Written by U Ne Oo on 1993-07-15

U Ne Oo
Burma Action(SA)
1st Floor, 39 Wakefield Street
Adelaide SA 5000 AUSTRALIA

July 15 1993

Mr Danial Conway
P.O. Box 2-121
Rajdanmern, Bangkok 10200, Thailand

Dear Mr Conway,

Concerning with the deteriorating situation of Burmese asylum seekers in Thailand, I support the UNHCR to make initiatives for the Royal thai Government to grant a temporary political asylum status to Burmese refugees. Regrettably, the attention given by UNHCR to Burma's displaced minorities at Thai-Burma border as well as to the Burmese dissidents within Thailand is fall far short of our expectations.

I understand that the Government of Thailand is not a signatory to the internry to the international refugee laws for the UNHCR to be fully operational. It must stress, however, that the UNHCR is not an organization which its responsibility is solely to hand-out charity. The UNHCR's responsibility should extends to the protection of abuses on the displaced people anywhere in the world. IN this context, the UNHCR in Thailand must become a strong advocate of the safety of the refugees regardless of local laws. The UNHCR must actively seek for a solution to the problems that relates wit relates with protection of displaced people.

There had been incidences that the Burmese students have been forcefully repatriated in 1989 (Tak Repatriation Center in Dec 1988-FEb 1989). There were also reports of the LOcal Thai authorities harassment and abuses on refugees in order to gain advantage on commercial dealings with the Burma MIlitary (Sanglaburi District in April 1991: Asia Watch, March 20-1992, Vol.No 4. Issue No 7.). The present conflict of the Thai authorities and Burmese refugee will cone refugee will continue unless the Government of Thailand gives a promise not to make forced repatriation.

I therefore urge the UNHCR in Thailand to speaks out, both in private and public, for the safety of the Burmese refugees. Firstly, the UNHCR must set up an inquiry into these incidences. Secondly, the UNHCR must encourage the Government of Thailand to consider granting a temporary political asylum status to the Burmese refugees. Thirdly, the UNHCR must promote a policy to get access to the Burmese refugee camps aloefugee camps along Thai-Burma border.

YOurs faithfully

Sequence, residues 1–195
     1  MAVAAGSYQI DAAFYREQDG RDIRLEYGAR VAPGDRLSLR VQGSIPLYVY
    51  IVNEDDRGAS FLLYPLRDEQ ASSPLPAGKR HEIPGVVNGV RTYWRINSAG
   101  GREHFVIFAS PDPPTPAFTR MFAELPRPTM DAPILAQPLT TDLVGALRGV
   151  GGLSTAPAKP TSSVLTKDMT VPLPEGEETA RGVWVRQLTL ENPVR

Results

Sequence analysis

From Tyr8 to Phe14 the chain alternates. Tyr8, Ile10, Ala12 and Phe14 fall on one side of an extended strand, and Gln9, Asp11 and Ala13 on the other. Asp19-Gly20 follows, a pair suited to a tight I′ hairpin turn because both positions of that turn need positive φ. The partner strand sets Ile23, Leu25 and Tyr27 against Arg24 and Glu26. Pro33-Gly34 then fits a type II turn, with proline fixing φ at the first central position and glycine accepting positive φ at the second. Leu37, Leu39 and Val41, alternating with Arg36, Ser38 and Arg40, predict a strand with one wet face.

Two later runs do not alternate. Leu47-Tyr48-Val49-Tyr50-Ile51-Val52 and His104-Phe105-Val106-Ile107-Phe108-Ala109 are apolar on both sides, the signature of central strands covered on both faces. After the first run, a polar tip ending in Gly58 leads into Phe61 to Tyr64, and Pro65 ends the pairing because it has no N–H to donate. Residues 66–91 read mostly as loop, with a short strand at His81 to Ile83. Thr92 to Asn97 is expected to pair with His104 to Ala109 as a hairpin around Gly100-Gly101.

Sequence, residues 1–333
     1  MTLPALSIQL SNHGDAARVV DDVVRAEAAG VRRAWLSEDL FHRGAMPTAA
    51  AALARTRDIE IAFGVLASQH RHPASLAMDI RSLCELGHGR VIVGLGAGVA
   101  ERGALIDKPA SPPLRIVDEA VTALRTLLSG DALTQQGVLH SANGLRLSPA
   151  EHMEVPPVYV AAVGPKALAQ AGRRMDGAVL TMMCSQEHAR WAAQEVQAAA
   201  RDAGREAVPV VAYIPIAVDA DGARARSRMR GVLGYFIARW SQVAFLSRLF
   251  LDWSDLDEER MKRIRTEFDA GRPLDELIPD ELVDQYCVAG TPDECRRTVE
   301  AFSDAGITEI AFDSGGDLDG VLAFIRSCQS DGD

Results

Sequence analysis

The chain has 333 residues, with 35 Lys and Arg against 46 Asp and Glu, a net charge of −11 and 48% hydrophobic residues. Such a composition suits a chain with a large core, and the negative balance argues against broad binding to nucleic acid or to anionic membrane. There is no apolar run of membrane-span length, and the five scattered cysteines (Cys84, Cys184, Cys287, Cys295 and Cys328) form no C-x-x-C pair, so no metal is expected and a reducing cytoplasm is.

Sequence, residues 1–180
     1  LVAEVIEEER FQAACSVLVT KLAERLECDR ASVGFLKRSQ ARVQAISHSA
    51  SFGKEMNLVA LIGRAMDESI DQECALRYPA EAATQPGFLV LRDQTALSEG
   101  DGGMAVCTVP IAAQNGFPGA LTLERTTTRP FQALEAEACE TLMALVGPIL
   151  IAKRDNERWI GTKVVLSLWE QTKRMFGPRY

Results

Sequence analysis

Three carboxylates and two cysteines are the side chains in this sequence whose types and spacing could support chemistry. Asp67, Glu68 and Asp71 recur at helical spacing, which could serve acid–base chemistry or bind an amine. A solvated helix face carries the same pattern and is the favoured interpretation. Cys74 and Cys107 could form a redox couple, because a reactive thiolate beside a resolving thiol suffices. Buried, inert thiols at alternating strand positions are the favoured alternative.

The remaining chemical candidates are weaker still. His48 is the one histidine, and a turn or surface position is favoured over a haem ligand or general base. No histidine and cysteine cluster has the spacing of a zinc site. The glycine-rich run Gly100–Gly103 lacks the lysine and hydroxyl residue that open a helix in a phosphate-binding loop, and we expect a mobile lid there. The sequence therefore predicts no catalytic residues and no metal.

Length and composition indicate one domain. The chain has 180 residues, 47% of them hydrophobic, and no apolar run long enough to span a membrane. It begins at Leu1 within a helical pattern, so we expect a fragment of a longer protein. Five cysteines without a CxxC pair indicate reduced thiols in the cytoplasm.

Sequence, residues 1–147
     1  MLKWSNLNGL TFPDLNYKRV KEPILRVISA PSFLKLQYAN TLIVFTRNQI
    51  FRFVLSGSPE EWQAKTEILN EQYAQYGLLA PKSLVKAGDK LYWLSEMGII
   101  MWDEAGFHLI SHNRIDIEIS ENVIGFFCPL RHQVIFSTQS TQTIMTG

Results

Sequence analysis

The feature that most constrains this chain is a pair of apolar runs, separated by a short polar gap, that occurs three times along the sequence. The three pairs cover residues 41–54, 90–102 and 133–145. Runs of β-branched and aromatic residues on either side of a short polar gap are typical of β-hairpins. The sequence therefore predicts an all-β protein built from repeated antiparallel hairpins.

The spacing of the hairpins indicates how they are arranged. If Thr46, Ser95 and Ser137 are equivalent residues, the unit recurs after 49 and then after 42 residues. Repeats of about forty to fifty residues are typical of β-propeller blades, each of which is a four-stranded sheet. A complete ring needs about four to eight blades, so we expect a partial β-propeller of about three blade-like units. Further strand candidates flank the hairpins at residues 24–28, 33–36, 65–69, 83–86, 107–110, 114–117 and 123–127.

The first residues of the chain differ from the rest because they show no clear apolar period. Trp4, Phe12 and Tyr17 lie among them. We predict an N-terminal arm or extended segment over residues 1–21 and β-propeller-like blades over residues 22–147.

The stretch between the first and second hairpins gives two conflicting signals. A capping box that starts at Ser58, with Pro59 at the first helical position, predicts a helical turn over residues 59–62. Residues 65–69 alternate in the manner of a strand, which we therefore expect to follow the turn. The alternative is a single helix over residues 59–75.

Sd. U Ne Oo

cc. Ms Sadako Ogata, UNHCR, CASE POstale 2500, CH-1211 Geneva 2 Depot, Switzerland.

Letter from UNHCR: Thailand (9/8/93)

P.O.Box 2-121 Rajdamnern
Bangkok 10200, Thailand

9 August 1993

Dear Mr U Ne Oo,

We acknowledge receipt of your letter of 15 July 1993, concerning the general situation of Burmese asylum seekers in Thailand.

With respect to the general situation of the above mentioned asylum seekers, it should be noted that a distinction is made by the Royal Thai government (RTG) between the approximately 40,000 Burmese who arrived in Thailand prior to 1976, the approximately 70,000 Burmese now living in refugee camps along the Thai-Burma border, and the Burmese currently in Bangkok. The civilian populations at the border who arrived before 1976 were accorded the status of  displaced persons by the RTG in 1976, thus allowing them to reside officially in thailand although their freedom of movement is restricted to the provinces where they are established. Insofar as the Burmese who arrived after 1976 are concerned, they reside in refugee camps along the border, which are assisted (with the tacit approval of the RTG) by a group of non-governmental organizations referred to as the Burmese border consortium (BBC) which functions under the auspices of the CCSDPT. These populations  are considered by the Thai authorities as minority groups fleeing generalized violence in their country of origin, whose presence on Thai territory is informally tolerated. UNHCR has visited the aforementioned camps on a regular basis since 1992 to monitor developments therein. The office does not, however, have a permanent presence in these camps.

Insofar as the third category of persons is concerned, the RTG has formulated a policy whereby Burmese students and political dissidents who registered with the Ministry for the Interior, would by permitted to remain in Thailand, in a zone referred to as the Safe Area. It should be noted that UNHCR, many Embassies and non-governmental agencies have visited the Safe Area and have determined that it meets accepted international standards for the welfare and protection of refugees. Furthermore, we wish to emphasize that Burmese residents of the Safe Area have permanent and unimpeded access to the UNHCR staff member who is posted there.

It should further be noted in regard to this latter group, that Thailand is not a party to the 1951 Convention relating to the Status of refugees or to its 1967 Protocol. Thus, with the exception of the Comprehensive Plan of Action for Indochinese Refugees, Thailand has not enacted specific legislation/ regulation relating to refugees and asylum seekers. Therefore, Burmese persons of concern to UNHCR who refuse to comply with the above mentioned measures (and who are residing in Thailand illegally) would be in a precarious situation, since they would, pursuant to the relevant provisions of the Thai immigration law, be considered as illegal immigrants and would be subject to arrest and prolonged detention at the Immigration Detention Center(IDC), irrespective of their status with UNHCR. However, UNHCr does have an official permanently based at the IDC, who monitors developments pertaining to all asylum seekers/persons of concern who are thus detained, in order  to intervene on their behalf as and when appropriate.

We thank you for your concern with respect to Burmese asylum seekers in Thailand and hope that the above information proves useful to you.

Yours sincerely,

Sd. Nik Chandravithun

Officer-in-Charge (Legal Section)

Letter to UNHCR in Thailand